The educated elites, especially in northern Nigeria, have not been good role models in the eyes of their uneducated compatriots. This is because they are living examples of corruption, conspicuous consumption and oppression of their unlettered compatriots and co-religionists.

There’s a lot of that here in the US, too, but destroying education isn’t the way to improve things.

The insurgency has set back education in an area with some of the world’s worst levels of education and human development. For many children in these communities, education remains their surest way out of poverty and destitution. The fear of Boko Haram has forced many parents to withdraw their children from schools, and this can only add to an already explosive mix of the large pool of uneducated and unemployed youth and debilitating poverty.

Boko Haram is energetically making things much much much worse.

(This is a syndicated post. Read the original at FreeThoughtBlogs.)

Bring Back Our Girls

May 2nd, 2014 11:20 am | By

There’s a vocal #BringBackOurGirls protest outside the Nigerian Mission at the UN right now.

Embedded image permalink

Via braden@detroitred9

(This is a syndicated post. Read the original at FreeThoughtBlogs.)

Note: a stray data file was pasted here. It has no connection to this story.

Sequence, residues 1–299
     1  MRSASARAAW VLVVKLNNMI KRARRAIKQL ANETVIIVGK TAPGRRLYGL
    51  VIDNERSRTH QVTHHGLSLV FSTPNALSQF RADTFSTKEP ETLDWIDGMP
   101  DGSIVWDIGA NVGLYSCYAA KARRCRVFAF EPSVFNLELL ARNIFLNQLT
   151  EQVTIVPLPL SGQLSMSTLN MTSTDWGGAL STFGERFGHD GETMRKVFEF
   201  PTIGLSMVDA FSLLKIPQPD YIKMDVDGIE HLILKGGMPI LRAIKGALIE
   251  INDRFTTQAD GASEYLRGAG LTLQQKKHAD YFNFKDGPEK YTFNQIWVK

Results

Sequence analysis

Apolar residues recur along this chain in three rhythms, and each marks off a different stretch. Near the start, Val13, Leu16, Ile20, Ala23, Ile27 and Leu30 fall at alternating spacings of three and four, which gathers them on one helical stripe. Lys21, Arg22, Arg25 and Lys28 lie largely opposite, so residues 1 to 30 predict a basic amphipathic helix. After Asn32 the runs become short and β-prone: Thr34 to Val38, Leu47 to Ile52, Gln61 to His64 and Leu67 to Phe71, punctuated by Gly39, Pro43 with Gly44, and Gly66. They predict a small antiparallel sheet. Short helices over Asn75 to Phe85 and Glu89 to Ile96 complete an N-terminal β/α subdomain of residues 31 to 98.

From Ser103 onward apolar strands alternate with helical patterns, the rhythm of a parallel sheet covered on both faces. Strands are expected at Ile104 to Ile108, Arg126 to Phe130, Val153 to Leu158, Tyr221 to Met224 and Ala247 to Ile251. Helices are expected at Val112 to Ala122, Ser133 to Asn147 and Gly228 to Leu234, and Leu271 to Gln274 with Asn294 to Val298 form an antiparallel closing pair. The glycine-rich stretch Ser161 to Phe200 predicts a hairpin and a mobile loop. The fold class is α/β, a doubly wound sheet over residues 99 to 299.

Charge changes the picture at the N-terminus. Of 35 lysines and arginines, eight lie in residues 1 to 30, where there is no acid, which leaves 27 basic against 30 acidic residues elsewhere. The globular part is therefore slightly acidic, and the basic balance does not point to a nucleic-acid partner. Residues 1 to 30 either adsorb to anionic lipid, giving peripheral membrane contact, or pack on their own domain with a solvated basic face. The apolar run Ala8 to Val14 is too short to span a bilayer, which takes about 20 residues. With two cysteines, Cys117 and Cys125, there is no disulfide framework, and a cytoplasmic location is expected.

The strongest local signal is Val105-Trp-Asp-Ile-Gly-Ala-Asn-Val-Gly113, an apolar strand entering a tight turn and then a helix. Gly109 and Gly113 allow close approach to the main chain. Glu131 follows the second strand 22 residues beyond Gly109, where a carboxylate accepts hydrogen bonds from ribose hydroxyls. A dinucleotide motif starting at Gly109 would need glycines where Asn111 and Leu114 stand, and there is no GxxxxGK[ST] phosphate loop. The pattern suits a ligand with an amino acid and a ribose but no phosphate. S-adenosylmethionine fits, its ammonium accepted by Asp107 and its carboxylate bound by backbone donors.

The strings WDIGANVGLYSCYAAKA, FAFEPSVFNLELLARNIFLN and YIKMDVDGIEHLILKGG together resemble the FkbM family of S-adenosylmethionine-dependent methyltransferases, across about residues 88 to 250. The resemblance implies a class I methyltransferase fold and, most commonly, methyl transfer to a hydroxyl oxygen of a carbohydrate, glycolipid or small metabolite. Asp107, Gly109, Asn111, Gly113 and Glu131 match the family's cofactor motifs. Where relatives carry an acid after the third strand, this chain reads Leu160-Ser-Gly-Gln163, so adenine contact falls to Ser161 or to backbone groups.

Abuse at the hands of the brothers who had been entrusted with their care

May 2nd, 2014 11:11 am | By

Amanda Banks at the West Australian tells us how the Catholic church in Western Australia dealt with abuse victims. With generosity and remorse and eagerness to make amends? No. With self-interested self-protective fighting and coercion.

The Catholic Church and Christian Brothers fought a class action by abuse victims from WA orphanages at every turn, using their strong legal position to open settlement negotiations with the offer that the men pay their costs.

By “the men” she means the abuse victims – so the church opened negotiations by demanding that the victims pay the church’s costs. The victimizer opened negotiations with a demand that the victims pay costs.